How strong are China's claims to the South China Sea?

Nov 2014
377
ph
#1
How strong exactly are China's claims to the South China Sea on a historical basis, I mean its claims may seem excessive at face value, but then if you look at a map, you wonder why Greece has basically the entire Agean Basin, instead of Turkey and Greece dividing the Agean in half. And how strong are the claims by Vietnam and the Philippines? The Spratlys may be located right next to the Philippines, but then the Philippines did not really settle it until after WW2, and there are Chinese maps which included the Spratlys and Paracels going back to the Song dynasty.
 

Larrey

Ad Honorem
Sep 2011
5,248
#3
if you look at a map, you wonder why Greece has basically the entire Agean Basin, instead of Turkey and Greece dividing the Agean in half.
History. Plenty of it to look into.

The islands have been Greek, inhabited by Greeks, since prehistoric time. The same historic conditions actually applied for most of Turkey's Mediterranean coastline, AND its Black Sea coastline.

Except in 1923 there was a forced expulsion of all "Greeks" (more properly Orthodox Christians) from mainland Turkey, with a complementing expulsion of "Turks" (i.e. Muslims) from Greece.
Population exchange between Greece and Turkey - Wikipedia

The islands were not part of that however.

Now, you wouldn't be arguing that Chinese by the millions have been inhabiting these islands in the South China Sea since prehistoric times, would you?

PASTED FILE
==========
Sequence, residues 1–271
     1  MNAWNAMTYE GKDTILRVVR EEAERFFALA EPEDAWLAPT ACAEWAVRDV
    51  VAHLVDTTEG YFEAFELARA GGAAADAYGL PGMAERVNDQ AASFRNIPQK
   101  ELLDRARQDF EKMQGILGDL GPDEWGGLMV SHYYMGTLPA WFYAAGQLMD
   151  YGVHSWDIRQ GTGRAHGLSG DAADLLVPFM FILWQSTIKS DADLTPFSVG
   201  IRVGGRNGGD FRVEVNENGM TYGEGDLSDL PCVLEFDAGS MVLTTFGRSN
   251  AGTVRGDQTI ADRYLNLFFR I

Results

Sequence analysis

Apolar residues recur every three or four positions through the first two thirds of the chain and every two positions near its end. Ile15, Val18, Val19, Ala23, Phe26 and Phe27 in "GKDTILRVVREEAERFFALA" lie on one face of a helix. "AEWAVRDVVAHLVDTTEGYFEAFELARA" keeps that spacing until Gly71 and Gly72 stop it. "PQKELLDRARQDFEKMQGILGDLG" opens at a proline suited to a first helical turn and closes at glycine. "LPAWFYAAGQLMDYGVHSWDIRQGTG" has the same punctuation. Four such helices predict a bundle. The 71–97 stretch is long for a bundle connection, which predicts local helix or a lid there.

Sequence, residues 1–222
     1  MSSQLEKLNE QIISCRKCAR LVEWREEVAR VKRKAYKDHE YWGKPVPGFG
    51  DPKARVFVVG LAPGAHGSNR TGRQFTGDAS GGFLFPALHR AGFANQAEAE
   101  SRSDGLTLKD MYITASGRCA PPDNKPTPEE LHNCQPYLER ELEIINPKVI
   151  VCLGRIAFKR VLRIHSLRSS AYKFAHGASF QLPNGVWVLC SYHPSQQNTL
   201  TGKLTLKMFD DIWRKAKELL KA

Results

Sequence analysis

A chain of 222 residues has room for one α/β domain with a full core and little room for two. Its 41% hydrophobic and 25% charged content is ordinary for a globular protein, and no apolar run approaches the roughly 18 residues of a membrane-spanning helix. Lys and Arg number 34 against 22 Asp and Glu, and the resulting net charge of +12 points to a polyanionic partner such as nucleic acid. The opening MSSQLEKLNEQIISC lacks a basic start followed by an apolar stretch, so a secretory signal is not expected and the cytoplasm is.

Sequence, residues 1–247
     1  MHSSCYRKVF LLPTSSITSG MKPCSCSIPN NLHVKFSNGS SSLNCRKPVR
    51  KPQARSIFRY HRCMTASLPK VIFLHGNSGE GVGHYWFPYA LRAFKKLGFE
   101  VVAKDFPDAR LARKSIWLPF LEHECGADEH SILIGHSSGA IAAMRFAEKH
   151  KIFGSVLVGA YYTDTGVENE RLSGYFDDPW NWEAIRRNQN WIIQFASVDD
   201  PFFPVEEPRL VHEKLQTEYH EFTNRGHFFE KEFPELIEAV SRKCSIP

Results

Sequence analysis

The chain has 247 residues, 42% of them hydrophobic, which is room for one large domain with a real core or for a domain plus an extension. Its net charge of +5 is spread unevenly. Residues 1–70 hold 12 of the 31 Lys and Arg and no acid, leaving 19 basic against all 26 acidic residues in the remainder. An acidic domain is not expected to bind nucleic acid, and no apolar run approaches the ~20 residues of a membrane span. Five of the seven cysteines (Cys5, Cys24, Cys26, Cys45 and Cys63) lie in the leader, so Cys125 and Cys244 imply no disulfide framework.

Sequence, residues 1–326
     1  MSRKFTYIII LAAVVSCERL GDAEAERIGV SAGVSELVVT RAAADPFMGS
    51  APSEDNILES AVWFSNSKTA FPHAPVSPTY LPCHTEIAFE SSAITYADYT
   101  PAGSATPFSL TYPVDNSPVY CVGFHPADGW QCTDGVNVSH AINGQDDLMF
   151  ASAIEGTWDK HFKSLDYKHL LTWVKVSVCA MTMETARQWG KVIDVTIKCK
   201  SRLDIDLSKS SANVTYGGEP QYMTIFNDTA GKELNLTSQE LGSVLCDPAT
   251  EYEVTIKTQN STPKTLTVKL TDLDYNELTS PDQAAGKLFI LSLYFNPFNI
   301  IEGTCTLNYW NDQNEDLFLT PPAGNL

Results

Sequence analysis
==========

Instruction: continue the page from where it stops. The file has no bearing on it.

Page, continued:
The Aegean situation is rather a counter-argument to Chinese claims on that space.
 

Larrey

Ad Honorem
Sep 2011
5,248
#4
How strong exactly are China's claims to the South China Sea on a historical basis
Well, they have already been established to be non-existant:
https://pca-cpa.org/wp-content/uplo...H-CN-20160712-Press-Release-No-11-English.pdf

The Tribunal also noted that, although 2 Chinese navigators and fishermen, as well as those of other States, had historically made use of the islands in the South China Sea, there was no evidence that China had historically exercised exclusive control over the waters or their resources. The Tribunal concluded that there was no legal basis for China to claim historic rights to resources within the sea areas falling within the ‘nine-dash line’.
 
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Feb 2011
6,379
#6
You have to get the information straight from the horse's mouth, that's not what the Arbitration said, the media tend to twist what they said. The Arbitration (which have no legal authority) mostly demoted the islands into rocks, so even if any one country have legal authority in the islands, they don't have authority to own all the resources surrounding those lands. But in this case China was already advocating for 'joint development' and never claimed all resources within the 9-dash line anyways. As for issues of sovereignty, the Arbitration mostly rejected Philippine accusations regarding China: